SA’s Fickle Foreign Policy Means it has no Principled Approach Towards Global Crises
Why has South Africa applied one standard to Russia and another to Israel? To take it a step further, why is South Africa withdrawing diplomats from Israel but working hard to strengthen relations with Iran?
Director, The Brenthurst Foundation
Research Director, The Brenthurst Foundation
Monday, 6 November was a busy day for South African diplomacy as it sought to find its footing following a disastrous year of alignment with Russia and flirtation with Iran.
The two events of significance which occurred were the meeting between the international relations minister, Naledi Pandor, and her Ukrainian counterpart, Dmytro Kuleba, in Pretoria, and the decision to recall South Africa’s diplomats from Israel.
The meeting with Kuleba follows a fractious year of entanglement with Russia’s President Vladimir Putin, including a serial refusal to condemn the invasion of Ukraine in the United Nations and the scandal surrounding the docking of the Russian arms carrier, Lady R, by moonlight at the Simon’s Town Naval Base.
Ramaphosa went so far as to say that not allowing Putin to attend the BRICS Summit in South Africa this August would be “a declaration of war”. When it became clear that he would lose his court bid to get Putin into the country, he changed tack and persuaded Putin to attend the summit virtually.
As it turns out, the BRICS Summit pretty much followed the Putin playbook, proposing to admit Iran, the UAE, Saudi Arabia, Ethiopia and Argentina to the group. Putin, speaking virtually, was moved to say: “I would like to note, as it turned out this was challenging work and President Ramaphosa showed unique diplomatic mastery as we negotiated all the positions including when it comes to BRICS expansion.”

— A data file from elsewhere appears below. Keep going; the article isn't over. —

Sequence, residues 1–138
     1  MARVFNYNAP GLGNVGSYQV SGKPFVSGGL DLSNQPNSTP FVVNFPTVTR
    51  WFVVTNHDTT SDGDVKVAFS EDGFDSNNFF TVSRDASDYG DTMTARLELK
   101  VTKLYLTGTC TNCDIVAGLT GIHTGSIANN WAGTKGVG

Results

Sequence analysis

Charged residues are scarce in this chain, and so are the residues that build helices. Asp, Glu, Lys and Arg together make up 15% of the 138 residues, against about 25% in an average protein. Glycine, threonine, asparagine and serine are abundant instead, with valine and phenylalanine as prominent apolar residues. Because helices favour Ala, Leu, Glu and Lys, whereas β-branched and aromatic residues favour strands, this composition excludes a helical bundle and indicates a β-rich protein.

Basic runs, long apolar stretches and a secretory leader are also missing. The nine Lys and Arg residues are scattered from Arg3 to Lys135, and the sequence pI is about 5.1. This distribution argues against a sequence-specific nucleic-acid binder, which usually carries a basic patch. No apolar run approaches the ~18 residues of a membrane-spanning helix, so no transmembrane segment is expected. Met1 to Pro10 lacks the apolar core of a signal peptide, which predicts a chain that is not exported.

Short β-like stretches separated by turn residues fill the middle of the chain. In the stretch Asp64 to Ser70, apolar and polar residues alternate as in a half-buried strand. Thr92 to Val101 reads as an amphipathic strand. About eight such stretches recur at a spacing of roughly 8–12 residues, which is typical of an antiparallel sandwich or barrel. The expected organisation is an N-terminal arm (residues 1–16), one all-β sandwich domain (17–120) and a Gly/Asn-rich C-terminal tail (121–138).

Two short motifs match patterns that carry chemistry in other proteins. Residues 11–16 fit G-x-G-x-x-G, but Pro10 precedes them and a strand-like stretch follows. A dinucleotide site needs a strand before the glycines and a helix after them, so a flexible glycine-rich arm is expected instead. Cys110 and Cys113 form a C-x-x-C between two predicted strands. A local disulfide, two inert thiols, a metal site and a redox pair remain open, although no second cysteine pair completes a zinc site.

With talks with the US over the renewal of the African Growth and Opportunity Act (Agoa) subsequently under way and US senators and congressmen starting to ask for South Africa’s exclusion, Pandor’s meeting with Kuleba sent a signal that South Africa was, in fact, pivoting back to neutrality.
“We are one of the few countries around the regions of the world that are able to speak to both Ukraine, as well as Russia,” Pandor said after the meeting.
She noted “that Ukraine then, as part of the Soviet Union, provided to the freedom struggle”, a significant editing of the narrative that South Africa was closer to Russia because of its assistance to the exiled ANC.
She went so far as to say that she hoped to “use this bilateral relationship to build a greater African partnership”.
A cynic might observe that it would be in Russia’s interests to have a loyal friend like Ramaphosa become a key negotiator in the conflict.
And, it is apparent that most South Africans condemn Russia’s aggression and that continued support for the Kremlin will not play well in next year’s election.
Be that as it may, the optics are much better for South Africa as it projects itself as a neutral party that can talk to all sides.
This brings us to the second event of diplomatic significance on Monday. South Africa announced it was withdrawing its diplomats from Israel over its pursuit of Hamas in the Gaza Strip and the mounting civilian casualties.